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ESR 27:141-154 (2015)  -  DOI:

Quantitative estimates of the movement and distribution of North Atlantic right whales along the northeast coast of North America

Sean W. Brillant1,2,3,*, Angelia S. M. Vanderlaan2,4, Robert W. Rangeley1, Christopher T. Taggart2

1WWF-Canada, Atlantic Region, Halifax, NS B3J 1P3, Canada
2Oceanography Department, Dalhousie University, Halifax, NS B3H 4R2, Canada
3Canadian Wildlife Federation, Halifax, NS B3H 4R2, Canada
4Large Pelagics Research Center, University of Massachusetts Amherst, Gloucester, MA 01931, USA
*Corresponding author:

ABSTRACT: General movement patterns for North Atlantic right whales are known, but quantitative season-specific estimates of individual movements and the resultant distributions do not exist. We use a Brownian Bridge movement model to estimate individual movement patterns and spatial probability distributions using time- and location-specific photo-identified right whales from 1978 through 2007 to produce monthly estimates of movement and distribution patterns for the population in the NW Atlantic, from Cape Cod northward. For comparative purposes we also estimate right whale transition probabilities among ocean regions to estimate rates of emigration and immigration, likely destinations, and monthly regionally specific population estimates. Areas were identified that right whales may frequent and that are potential locations of the regularly unaccounted proportion of the population. These areas, requiring additional survey effort, include the Gulf of St. Lawrence, Scotian Shelf, Columbia Ledges and western Jordan Basin. Our results show that along the northeast Atlantic coasts of Canada and the USA, right whales annually migrate in a general counter-clockwise pattern; north and east along the continental shelf in the spring and summer, and south and west along the coast during autumn and winter. The results also provide quantitative spatio-temporal estimates of right whales for all regions, including those that are rarely or never surveyed. The spatial probability distributions that we provide can be used in the future to quantitatively evaluate risks to right whales from human activities, particularly vessel traffic and commercial fishing, and thereby increase our ability to manage the risks and improve right whale conservation.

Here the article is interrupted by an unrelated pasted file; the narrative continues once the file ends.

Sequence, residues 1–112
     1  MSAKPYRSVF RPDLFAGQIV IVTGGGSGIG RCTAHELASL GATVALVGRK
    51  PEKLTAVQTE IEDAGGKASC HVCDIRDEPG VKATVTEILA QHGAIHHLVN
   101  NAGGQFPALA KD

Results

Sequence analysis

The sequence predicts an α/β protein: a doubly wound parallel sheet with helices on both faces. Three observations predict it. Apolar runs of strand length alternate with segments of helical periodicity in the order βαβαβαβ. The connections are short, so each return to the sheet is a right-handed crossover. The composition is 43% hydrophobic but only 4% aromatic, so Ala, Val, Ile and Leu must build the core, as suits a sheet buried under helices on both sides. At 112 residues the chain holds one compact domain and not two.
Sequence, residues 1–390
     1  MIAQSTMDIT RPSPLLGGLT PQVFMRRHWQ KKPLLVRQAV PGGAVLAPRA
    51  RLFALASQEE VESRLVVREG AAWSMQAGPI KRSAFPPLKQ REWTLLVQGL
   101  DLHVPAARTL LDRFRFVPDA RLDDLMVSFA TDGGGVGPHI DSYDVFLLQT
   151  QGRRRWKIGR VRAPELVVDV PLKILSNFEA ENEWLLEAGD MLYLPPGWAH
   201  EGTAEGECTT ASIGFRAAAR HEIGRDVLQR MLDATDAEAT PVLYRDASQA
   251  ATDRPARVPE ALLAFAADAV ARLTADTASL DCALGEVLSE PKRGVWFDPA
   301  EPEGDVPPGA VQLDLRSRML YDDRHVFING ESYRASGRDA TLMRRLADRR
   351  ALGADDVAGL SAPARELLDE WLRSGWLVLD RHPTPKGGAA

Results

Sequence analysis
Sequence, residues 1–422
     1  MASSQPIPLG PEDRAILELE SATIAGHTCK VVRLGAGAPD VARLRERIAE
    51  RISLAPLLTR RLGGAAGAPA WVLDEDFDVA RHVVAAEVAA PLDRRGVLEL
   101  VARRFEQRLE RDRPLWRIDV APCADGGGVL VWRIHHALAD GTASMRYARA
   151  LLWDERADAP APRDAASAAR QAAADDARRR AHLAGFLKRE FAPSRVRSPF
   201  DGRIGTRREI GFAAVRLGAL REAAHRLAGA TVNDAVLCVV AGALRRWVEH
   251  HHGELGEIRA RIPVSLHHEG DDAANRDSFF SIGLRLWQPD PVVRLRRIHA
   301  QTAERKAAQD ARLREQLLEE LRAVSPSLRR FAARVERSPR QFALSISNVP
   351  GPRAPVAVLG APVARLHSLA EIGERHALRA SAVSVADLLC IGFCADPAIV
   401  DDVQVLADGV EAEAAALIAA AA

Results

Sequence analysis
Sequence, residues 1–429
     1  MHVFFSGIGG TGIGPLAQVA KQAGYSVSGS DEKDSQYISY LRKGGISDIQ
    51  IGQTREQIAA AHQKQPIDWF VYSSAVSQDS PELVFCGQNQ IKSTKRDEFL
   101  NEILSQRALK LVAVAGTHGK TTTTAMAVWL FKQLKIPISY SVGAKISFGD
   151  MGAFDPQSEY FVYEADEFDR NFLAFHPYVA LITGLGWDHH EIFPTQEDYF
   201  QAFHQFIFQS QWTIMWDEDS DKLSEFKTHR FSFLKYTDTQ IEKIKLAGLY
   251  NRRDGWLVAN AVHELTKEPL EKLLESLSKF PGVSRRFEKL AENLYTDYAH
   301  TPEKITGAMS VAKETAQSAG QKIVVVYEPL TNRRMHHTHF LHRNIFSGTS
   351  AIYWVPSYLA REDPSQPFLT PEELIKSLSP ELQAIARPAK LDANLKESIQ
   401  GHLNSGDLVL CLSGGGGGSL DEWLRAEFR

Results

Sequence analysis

KEY WORDS: Right whale · Time-space probability · Movement · Random walk · Brownian bridge

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Cite this article as: Brillant SW, Vanderlaan ASM, Rangeley RW, Taggart CT (2015) Quantitative estimates of the movement and distribution of North Atlantic right whales along the northeast coast of North America. Endang Species Res 27:141-154.

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